Sept. 21, 2023Print | PDF
Wilfrid Laurier University alumni Sean Campbell (BBA ’11) and Jeff MacIntyre (BA ’91) are at the helm of two organizations supporting Build Now: Waterloo Region, an innovative, community-led housing initiative that will see the development of 10,000 affordable and attainable homes in Waterloo Region by 2030.
Housing created through Build Now: Waterloo Region will consist of 7,000 homes for ownership and 3,000 rental apartments that are affordable for low-income and middle-income earners living in the region. All four levels of government, local developers, non-profits and charitable organizations are also involved in the initiative.
Photo: Sean Campbell and Jeff MacIntyre
Campbell is the executive director of Union: Sustainable Development Co-operative (Union Co-operative), a local co-operative that buys residential and commercial properties in Waterloo Region to create permanent affordable housing through community ownership. Some of the 3,000 rental properties developed through Build Now: Waterloo Region will be managed by Union Co-operative.
“Supporting our neighbours is at the forefront of this project and that feels very Laurier to me."
MacIntyre is the president of the Grand Valley Construction Association (GVCA), a non-profit organization representing the industrial, commercial and institutional construction industry. Under MacIntyre’s leadership, Build Now: Waterloo Region will leverage the Grand Valley Construction Association’s construction procurement process to ensure equitable and transparent selection of contractors and other industry professionals. The GVCA is also working with local government, education partners and business leaders on strategies to address the current housing crisis.
“Build Now: Waterloo Region brings a variety of local expertise together in a meaningful way to overcome barriers to building new affordable and attainable housing,” says Campbell. “Supporting our neighbours is at the forefront of this project and that feels very Laurier to me. We’re all a part of this community and have a responsibility to make it successful and accessible for all residents.”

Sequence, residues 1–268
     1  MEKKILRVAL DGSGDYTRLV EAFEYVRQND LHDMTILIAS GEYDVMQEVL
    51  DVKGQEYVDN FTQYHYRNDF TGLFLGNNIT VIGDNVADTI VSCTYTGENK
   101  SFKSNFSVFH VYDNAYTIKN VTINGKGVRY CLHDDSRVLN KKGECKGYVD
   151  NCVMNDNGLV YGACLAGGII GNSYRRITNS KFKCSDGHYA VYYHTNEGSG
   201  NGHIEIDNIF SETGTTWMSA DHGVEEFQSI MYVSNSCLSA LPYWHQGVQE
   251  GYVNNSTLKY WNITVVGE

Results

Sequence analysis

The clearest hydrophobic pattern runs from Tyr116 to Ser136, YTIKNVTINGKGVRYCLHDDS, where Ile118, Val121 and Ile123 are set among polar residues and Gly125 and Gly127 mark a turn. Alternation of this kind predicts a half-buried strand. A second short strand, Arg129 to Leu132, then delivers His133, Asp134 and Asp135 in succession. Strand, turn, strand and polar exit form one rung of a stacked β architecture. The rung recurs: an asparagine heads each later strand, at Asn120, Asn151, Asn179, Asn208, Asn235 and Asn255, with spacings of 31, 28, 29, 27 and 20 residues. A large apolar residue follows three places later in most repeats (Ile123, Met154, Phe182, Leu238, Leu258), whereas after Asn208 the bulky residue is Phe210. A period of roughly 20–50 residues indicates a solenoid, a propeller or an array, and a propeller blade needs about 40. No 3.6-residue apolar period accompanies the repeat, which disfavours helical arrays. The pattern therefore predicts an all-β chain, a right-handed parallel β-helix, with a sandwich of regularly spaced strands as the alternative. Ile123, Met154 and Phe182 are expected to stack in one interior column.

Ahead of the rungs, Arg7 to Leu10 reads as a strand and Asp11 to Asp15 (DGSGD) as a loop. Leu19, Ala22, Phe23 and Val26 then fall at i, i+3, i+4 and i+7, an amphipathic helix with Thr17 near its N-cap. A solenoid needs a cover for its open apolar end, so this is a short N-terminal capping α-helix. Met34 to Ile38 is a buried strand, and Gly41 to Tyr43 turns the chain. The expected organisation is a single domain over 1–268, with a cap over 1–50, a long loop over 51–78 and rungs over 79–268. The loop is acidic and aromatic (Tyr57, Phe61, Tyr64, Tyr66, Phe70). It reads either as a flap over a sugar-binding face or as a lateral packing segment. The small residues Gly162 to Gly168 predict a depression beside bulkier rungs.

Without affordable and attainable housing, Waterloo Region faces challenges retaining and attracting talent to the area.
“A thriving community needs a range of talent, including skilled trades, baristas and health care workers,” says MacIntyre. “But we lack affordable and attainable housing options to bring and keep workers in the community. The current housing system is broken, so we need a new and equitable approach.”
Housing developed through the project cannot be purchased as investment property. Project partner Habitat for Humanity Waterloo Region will screen applicants seeking to buy a home, control the resale value of the housing to ensure homes remain permanently affordable, and ensure the homes are owner-occupied. Union Co-operative and other rental housing agencies will manage the affordable apartments. The buildings will be up to six-storeys and offer units ranging from one to three bedrooms.
Campbell, who teaches social entrepreneurship courses in Laurier’s Global Studies program, sees the Build Now: Waterloo Region initiative as a strategy to retain recent university graduates looking to start their careers in the area.
“There is a significant risk to our community when young people cannot afford to build their careers here,” says Campbell. “How do you stay here when rent is so far beyond what you can afford on a starter salary?”
The average cost to rent a one-bedroom unit in Waterloo Region is $2,000 per month.
Build Now: Waterloo Region will benefit from the removal of cost drivers, including builder profits, as well as development charges, which Ontario is waiving to aid in the construction of 1.5 million new homes in the province by 2031. The homes will be built on land that is donated or sold at a nominal rate. This means “half-price homes” created through Build Now: Waterloo Region will soon be a reality, allowing many to access the local housing market who previously could not.
Read more about Build Now: Waterloo Region online.